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Total tax contribution

In the table below, we present our total tax contribution for 2021 in 21 jurisdictions. This builds on the information we disclosed for five countries in our 2020 Tax Contribution Report. We are able to provide the total tax contribution for these jurisdictions because their employment tax data is on the same Shell payroll system. We hope to expand this disclosure to include our other tax jurisdictions in the future.

Our total tax contribution for 2021 in these 21 jurisdictions was $58.8 billion. The figure includes $17.5 billion in tax borne by Shell and $41.3 billion in taxes collected by Shell in relation to its economic and employment activities. This data has been compiled from other published Shell sources and our financial reporting systems. Where centrally held data is unavailable, we have gathered figures from in-country tax teams and Human Resources.

Total tax contribution


Taxes borne are taxes that are a cost to Shell and comprise:

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    Corporate income taxes

    These numbers correspond to the “corporate income taxes paid” figures presented in “Our tax data” and are in line with our country-by-country reports.

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    Employer taxes

    These numbers represent employment-related taxes borne by Shell in respect of its role as an employer and include employer social security contributions and similar payments. They also include employer taxes borne by Shell’s joint-venture partners where Shell is responsible for managing the payroll of the joint venture.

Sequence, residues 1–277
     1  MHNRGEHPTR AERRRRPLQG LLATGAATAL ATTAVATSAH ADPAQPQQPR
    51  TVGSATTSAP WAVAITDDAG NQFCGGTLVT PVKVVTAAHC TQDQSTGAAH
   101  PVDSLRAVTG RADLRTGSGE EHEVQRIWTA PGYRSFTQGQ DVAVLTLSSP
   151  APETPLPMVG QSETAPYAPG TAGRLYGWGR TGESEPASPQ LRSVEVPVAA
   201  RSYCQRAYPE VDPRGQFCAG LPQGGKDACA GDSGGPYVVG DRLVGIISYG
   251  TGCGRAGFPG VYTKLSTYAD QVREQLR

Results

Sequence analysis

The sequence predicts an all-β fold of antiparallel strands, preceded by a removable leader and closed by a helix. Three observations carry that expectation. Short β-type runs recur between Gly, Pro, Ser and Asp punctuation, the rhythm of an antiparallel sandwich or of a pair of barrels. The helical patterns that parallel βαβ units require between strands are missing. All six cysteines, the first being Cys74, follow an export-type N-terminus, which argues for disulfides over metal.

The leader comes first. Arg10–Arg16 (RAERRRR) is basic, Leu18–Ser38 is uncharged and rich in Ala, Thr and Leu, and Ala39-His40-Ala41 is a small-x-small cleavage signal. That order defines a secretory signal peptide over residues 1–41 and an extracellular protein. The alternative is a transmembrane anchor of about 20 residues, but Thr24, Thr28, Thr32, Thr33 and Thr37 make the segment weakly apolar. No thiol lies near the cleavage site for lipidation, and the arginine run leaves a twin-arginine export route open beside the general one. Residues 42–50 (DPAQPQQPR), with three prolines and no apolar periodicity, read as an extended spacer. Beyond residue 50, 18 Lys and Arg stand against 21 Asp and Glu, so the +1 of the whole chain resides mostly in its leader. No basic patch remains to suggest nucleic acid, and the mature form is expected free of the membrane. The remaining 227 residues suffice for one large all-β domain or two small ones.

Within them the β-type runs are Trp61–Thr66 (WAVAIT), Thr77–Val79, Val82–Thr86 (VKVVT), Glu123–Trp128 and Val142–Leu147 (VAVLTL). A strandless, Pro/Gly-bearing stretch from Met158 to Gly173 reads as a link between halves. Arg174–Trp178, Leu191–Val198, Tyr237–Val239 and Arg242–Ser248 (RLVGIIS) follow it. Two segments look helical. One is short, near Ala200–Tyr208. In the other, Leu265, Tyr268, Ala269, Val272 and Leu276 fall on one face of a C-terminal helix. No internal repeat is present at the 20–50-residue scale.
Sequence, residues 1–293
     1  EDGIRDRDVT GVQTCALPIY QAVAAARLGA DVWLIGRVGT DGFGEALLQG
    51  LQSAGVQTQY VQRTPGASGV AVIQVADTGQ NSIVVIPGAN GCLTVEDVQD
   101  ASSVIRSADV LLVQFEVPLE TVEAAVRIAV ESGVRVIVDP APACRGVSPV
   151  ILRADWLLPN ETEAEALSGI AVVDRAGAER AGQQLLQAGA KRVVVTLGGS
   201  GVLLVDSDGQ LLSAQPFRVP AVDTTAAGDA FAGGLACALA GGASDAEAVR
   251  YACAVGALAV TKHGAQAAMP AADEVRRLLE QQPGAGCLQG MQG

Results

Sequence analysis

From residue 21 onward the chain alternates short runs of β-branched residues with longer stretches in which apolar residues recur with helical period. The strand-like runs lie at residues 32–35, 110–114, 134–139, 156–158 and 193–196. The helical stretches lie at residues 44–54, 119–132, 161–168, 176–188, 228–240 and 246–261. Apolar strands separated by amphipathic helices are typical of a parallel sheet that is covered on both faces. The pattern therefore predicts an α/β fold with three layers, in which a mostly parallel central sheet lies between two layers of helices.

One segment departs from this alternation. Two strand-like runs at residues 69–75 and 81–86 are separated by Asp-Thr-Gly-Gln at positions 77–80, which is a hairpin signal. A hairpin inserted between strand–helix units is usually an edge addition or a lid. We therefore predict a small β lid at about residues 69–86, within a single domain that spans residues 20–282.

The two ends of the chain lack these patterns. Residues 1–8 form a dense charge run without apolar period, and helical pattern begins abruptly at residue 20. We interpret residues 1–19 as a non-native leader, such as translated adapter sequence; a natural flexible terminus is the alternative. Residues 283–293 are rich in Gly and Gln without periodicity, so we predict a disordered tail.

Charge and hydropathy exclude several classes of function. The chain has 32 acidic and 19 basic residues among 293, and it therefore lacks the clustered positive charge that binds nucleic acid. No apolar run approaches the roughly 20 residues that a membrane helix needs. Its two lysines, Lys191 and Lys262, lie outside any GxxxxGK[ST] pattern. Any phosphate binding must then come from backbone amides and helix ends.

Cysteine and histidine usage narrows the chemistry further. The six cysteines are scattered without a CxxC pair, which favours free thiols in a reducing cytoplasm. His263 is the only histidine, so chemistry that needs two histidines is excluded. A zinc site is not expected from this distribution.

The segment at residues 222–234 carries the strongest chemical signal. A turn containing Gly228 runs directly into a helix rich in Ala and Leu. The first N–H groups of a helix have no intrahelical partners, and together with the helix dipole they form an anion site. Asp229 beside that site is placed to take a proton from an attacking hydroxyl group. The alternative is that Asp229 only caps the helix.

• Other payments to governments

    These numbers correspond to upstream-related payments included in our 2021 Payments to Governments Report, comprising royalties, production entitlements, bonuses, and fees.

Taxes collected are taxes that Shell does not directly incur but instead collects from its customers and employees on behalf of governments. These comprise:

  • Indirect taxes

    These numbers represent gross indirect taxes such as value-added tax (VAT), goods and services tax (GST) and duties arising on the products we sell. Indirect taxes on our purchases of goods and services, which may be borne by Shell or be available to offset and reduce the taxes paid directly by Shell to governments, are not included.

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    Employee taxes

    These include employee income taxes, employee social security contributions and similar payments. They also include taxes collected in joint ventures where Shell is responsible for managing the payroll of the joint venture.

Data relating to certain taxes borne and collected by Shell are not included in this report. For example, we have not included property taxes, insurance premium taxes, customs duties, and withholding taxes collected on dividends paid to shareholders. We aim to expand our total tax contribution data in the future.

Shell globally contributes hundreds of millions of dollars in property taxes each year. Property tax is typically levied by local authorities based on an appraised value of property. For Shell, property tax is generally levied on commercial and industrial properties that the company owns, such as refineries, chemicals parks, ports, terminals, and retail facilities. Property taxes are often the largest source of annual revenues for local governments.

Customs duties
A tax imposed on goods as they either leave or enter a country. Customs duties are also in addition to other indirect taxes such as excise, VAT or GST. It is therefore possible to have goods which are subject to excise duties, customs duties and VAT.
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Tax borne
Tax that represents a cost to Shell and impacts upon its financial results. This includes Tax Paid (see Introduction to country-by-country reporting) as well as non-corporate taxes, such as employer social security contributions.
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Withholding taxes
A withholding tax is an income tax to be paid to the government by the payer of the income rather than by the recipient of the income. The tax is thus withheld or deducted from the income due to the recipient. Withholding taxes usually apply to royalties, interest or dividends.
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